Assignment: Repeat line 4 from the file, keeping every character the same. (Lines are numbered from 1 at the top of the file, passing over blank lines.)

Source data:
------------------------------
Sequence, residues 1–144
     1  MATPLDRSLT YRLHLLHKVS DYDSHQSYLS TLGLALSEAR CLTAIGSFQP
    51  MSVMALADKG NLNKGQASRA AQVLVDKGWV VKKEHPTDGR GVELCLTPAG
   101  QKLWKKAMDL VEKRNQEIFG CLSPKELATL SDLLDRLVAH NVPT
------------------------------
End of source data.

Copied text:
   101  QKLWKKAMDL VEKRNQEIFG CLSPKELATL SDLLDRLVAH NVPT